CRB is a repository of all the creative things that float through my mind about the RPG Pathfinder. Two major features are random character generation and building characters based on the god they worship. Anything that seems like it adds to the creative aspects of the game will pop up from time to time, including location descriptions, adventure ideas and even short stories. CRB won't just be my own creativity, it will open the floor to anyone who has an idea sparked by what I present to you.

Wednesday, September 28, 2016

The World Is A Dangerous Place

Environment and Terrain in Your Game

Combat against villains, traps and pitfalls, and the locked door you need to get behind. These are probably some of the most common challenges we come up against. If you’re playing a game based more on social interaction, you will also see diplomatic challenges. What I rarely see are environmental and terrain challenges. Surviving on a deserted island, making your way across the perilous desert, and scaling a mountain peak are all common in fantasy novels—and even non-fantasy novels. Oftentimes in RPGs these aspects are glossed over or ignored altogether.

Of course this isn’t true in every game, I’m sure many of you use environmental hazards in your campaigns. For those of you who haven’t but are interested, today we’re gonna take a look at some ideas for adding them to your game. There are two broad ways for you to make the environment a test for your players, in combat and out of combat. I’ve touched on some of the out of combat ways the environment plays a part of your story in my three part series on using the forest in your game. We’ll look at some other things you may want to use to affect your players.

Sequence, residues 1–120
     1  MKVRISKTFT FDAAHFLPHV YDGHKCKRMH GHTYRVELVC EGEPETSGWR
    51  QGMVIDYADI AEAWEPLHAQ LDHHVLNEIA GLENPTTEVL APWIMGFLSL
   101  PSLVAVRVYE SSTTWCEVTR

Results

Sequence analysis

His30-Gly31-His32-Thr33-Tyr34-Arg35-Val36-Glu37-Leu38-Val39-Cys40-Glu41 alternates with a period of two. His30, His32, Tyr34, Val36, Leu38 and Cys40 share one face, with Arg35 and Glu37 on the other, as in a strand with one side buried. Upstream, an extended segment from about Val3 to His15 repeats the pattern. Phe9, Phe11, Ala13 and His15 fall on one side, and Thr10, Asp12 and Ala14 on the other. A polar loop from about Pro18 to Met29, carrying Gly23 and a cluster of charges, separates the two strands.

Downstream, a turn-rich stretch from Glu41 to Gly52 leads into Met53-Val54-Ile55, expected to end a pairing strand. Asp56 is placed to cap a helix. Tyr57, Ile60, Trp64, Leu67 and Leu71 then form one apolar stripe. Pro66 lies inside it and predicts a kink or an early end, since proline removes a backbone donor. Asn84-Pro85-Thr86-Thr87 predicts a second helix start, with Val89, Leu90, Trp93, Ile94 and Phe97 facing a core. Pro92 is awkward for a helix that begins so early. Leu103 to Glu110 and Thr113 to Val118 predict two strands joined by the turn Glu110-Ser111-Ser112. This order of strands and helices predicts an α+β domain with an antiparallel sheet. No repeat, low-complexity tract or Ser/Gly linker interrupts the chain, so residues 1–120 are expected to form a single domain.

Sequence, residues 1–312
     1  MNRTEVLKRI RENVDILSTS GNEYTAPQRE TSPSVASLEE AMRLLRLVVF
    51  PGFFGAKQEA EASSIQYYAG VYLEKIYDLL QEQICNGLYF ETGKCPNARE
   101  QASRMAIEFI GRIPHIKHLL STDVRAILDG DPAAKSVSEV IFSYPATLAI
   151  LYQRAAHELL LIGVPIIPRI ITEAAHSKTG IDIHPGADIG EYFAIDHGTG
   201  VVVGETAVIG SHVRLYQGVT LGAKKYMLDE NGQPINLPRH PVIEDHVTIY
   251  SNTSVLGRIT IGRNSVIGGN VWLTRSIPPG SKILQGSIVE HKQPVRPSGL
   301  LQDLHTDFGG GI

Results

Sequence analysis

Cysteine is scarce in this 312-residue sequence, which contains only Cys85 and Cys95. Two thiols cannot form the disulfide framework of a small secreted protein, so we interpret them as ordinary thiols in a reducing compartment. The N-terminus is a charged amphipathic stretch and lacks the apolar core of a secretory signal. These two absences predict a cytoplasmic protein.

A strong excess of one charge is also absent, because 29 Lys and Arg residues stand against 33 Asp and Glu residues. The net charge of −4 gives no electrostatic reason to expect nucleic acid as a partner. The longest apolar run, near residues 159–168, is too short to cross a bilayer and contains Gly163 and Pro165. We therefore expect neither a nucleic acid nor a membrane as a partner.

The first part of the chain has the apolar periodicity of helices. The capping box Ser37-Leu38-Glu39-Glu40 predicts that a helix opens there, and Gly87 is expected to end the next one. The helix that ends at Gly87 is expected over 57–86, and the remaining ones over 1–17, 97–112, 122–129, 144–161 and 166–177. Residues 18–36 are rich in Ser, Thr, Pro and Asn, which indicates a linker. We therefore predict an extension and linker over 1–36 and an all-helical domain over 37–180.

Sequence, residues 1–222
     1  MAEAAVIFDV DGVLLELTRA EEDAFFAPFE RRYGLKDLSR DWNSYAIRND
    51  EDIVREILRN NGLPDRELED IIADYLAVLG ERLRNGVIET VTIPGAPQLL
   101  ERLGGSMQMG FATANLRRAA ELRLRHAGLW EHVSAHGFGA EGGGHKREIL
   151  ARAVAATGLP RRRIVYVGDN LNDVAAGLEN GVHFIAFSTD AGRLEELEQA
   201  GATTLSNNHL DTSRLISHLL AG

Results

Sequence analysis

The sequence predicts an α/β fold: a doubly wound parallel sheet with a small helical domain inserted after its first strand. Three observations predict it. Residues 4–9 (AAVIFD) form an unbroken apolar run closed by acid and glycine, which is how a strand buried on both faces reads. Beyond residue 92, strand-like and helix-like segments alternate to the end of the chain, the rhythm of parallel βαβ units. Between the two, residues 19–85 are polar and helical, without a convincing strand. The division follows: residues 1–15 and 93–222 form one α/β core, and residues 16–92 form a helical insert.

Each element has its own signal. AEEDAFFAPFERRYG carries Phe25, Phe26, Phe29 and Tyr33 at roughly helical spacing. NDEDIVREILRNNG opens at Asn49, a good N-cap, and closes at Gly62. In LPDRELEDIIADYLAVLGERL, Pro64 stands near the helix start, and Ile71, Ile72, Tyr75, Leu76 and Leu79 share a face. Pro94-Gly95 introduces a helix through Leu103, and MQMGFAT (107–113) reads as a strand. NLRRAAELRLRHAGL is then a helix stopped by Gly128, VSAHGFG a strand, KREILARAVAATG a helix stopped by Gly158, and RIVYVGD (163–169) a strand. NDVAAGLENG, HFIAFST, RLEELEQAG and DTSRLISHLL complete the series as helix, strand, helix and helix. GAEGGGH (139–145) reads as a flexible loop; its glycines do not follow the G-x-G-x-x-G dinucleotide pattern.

Intense heat and intense cold come to mind first. How often have you thought about what your PCs are wearing when they traverse the frozen north or slog through the scorching desert? Did you players remember to buy the cold weather gear before heading off? In Pathfinder warding off extreme weather can be easily remedied with the endure elements spell, but what if your caster doesn’t know it? I find that to be a quite common dilemma. Someone with the survival skill can help mitigate the issue if no knowledgeable caster is around, but failed fort saves add the extra effects of heat stroke or hypothermia depending on their location.

Direction is also a common hazard when travelling in the out of doors. Not every places has a road that leads directly to their destination, although again I find many GMs (and I’m guilty sometimes too) will just allow their players to make it to where they are going. When players are on a time-sensitive mission, getting where they need to go as quickly as possible could be the difference between life and death. If the group doesn’t have a ranger, druid, or someone trained in survival in their group, getting lost could be a big problem.

Piggybacking off getting lost, we have things like starvation and thirst. Depending on the environment, food and water may be difficult to come across. Getting lost may make things worse as their dwindling supplies evaporate. I know a lot of people don’t keep track of the minutia of rations, but if you’re going to add these kinds of effects to your game, you might want to keep track for a while.